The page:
The seventeenth century was England’s century of revolution, an era in which the nation witnessed protracted civil wars, the execution of a king, and the declaration of a short-lived republic. During this period of revolutionary crisis, political writers of all persuasions hoped to shape the outcome of events by the force of their arguments. To read the major political theorists of Stuart England is to be plunged into a world in which many of our modern conceptions of political rights and social change are first formulated. David Wootton's masterly compilation of speeches, essays, and fiercely polemical pamphlets--organized into chapters focusing on the main debates of the century--represents the first attempt to present in one volume a broad collection of Stuart political thought. In bringing together abstract theorizing and impassioned calls to arms, anonymous tract writers and King James I, Wootton has produced a much-needed collection; in combination with the editor’s thoughtful running commentary and invaluable Introduction, its texts bring to life a crucial period in the formation of our modern liberal and conservative theories.
This well-known book reasserts the central importance of political and religious ideology in the origins of the English Civil War. Recent historiography has concentrated on its social and economic causes: Sommerville reminds us what the people of the time thought they were fighting about. Examining the main political theories in c.17th England - the Divine Right of Kings, government by consent, and the ancient constitution - he considers their impact on actual events. He draws on major political thinkers like Hobbes and Locke, but also on lesser but more representative figures, to explore what was new in these ideas and what was merely the common currency of the age. This major new edition incorporates all the latest thinking on the subject.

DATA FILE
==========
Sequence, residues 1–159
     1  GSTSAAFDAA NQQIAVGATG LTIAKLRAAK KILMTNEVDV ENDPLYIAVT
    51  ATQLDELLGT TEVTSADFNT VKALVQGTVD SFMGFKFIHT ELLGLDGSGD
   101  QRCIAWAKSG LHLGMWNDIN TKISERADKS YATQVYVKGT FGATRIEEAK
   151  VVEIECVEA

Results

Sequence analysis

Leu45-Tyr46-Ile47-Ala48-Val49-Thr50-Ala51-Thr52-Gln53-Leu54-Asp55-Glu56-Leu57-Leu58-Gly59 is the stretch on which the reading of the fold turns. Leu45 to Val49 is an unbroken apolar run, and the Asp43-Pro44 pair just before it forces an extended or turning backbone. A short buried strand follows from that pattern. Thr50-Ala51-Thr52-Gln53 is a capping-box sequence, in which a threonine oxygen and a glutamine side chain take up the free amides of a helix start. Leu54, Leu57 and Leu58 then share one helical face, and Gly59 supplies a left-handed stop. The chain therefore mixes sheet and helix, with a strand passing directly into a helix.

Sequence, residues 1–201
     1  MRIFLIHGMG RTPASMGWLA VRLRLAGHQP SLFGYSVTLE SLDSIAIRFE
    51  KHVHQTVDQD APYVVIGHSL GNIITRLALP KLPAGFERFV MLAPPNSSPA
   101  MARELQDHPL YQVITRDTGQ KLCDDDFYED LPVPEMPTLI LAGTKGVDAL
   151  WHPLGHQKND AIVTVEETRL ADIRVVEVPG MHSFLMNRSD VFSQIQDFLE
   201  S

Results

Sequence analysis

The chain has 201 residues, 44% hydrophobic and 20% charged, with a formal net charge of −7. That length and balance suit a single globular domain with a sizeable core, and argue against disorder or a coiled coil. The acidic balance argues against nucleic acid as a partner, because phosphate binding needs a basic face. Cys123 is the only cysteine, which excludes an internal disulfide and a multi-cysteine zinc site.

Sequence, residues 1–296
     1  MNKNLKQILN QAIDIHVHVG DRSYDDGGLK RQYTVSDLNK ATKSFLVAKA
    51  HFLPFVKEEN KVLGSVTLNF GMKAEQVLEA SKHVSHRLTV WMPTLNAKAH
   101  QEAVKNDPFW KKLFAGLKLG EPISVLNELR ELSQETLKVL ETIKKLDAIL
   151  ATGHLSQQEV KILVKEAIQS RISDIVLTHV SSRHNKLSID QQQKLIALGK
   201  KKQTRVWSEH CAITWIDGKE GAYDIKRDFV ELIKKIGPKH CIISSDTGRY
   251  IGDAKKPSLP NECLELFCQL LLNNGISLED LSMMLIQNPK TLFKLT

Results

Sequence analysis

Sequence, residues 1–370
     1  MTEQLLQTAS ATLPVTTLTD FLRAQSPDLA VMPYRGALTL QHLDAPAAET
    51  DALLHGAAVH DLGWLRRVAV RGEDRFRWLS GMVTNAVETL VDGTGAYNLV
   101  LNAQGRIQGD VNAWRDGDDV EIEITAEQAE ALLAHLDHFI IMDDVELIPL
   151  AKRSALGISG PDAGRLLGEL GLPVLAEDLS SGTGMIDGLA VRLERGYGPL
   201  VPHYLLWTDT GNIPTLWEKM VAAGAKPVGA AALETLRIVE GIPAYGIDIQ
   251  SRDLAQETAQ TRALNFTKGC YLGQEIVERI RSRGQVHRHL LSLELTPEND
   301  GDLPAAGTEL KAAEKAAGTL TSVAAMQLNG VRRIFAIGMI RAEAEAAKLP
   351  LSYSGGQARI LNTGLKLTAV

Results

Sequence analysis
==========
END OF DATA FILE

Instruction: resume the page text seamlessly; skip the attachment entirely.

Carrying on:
"A survey of Western political thought from the Greeks to the threshold of the present, this book fulfills its aims successfully and admirably. It is clearly written and thematically unified in spite of its huge terrain. One thing it does very well is link political theories to the historical, political, and religious circumstances in which they are embedded, providing the lay reader, serious student of political philosophy, and political philosopher with a road-map and orientation in the history of political thought. A significant contribution."ùDavid Carr, Emory University The Conflict Between Politics And Antipolitics has replayed throughout Western history and philosophical thought. From the beginning, Plato's quest for absolute certainty led him to denounce democracy, an anti-political position challenged by Aristotle. In his wide-ranging narrative, Dick Howard puts this dilemma into fresh perspective, proving our contemporary political problems are not as unique as we think. Howard begins with democracy in ancient Greece and the rise and fall of republican politics in Rome. In the wake of Rome's collapse, political thought searched for a new medium, and the conflict between politics and antipolitics reemerged through the contrasting theories of Saint Augustine and Saint Thomas. During the Renaissance and Reformation, the emergence of the modern individual again transformed the terrain of the political. Even so, politics vs. antipolitics dominated the period, frustrating even Machiavelli, who sought to reconceptualize the nature of political thought. Hobbes and Locke, theorists of the social contract, then reenacted the conflict, which Rousseau sought (in vain) to overcome. Adam Smith and the growth of modern economic liberalism, the radicalism of the French Revolution, and the conservative reaction of Edmund Burke subsequently marked the triumph of antipolitics, while the American Revolution momentarily offered the potential for a renewal of politics. Taken together, these historical examples, viewed through the prism of philosophy, reveal the roots of today's political climate and the trajectory of battles yet to come. "The analytical distinction of plurality, diversity, and unity is a good way to think about the common themes of these political thinkers in different social and historical contexts. Explaining several texts across different periods is a daunting task, and Dick Howard should be commended for the work he has done."ùR. Claire Snyder-Hall, George Mason University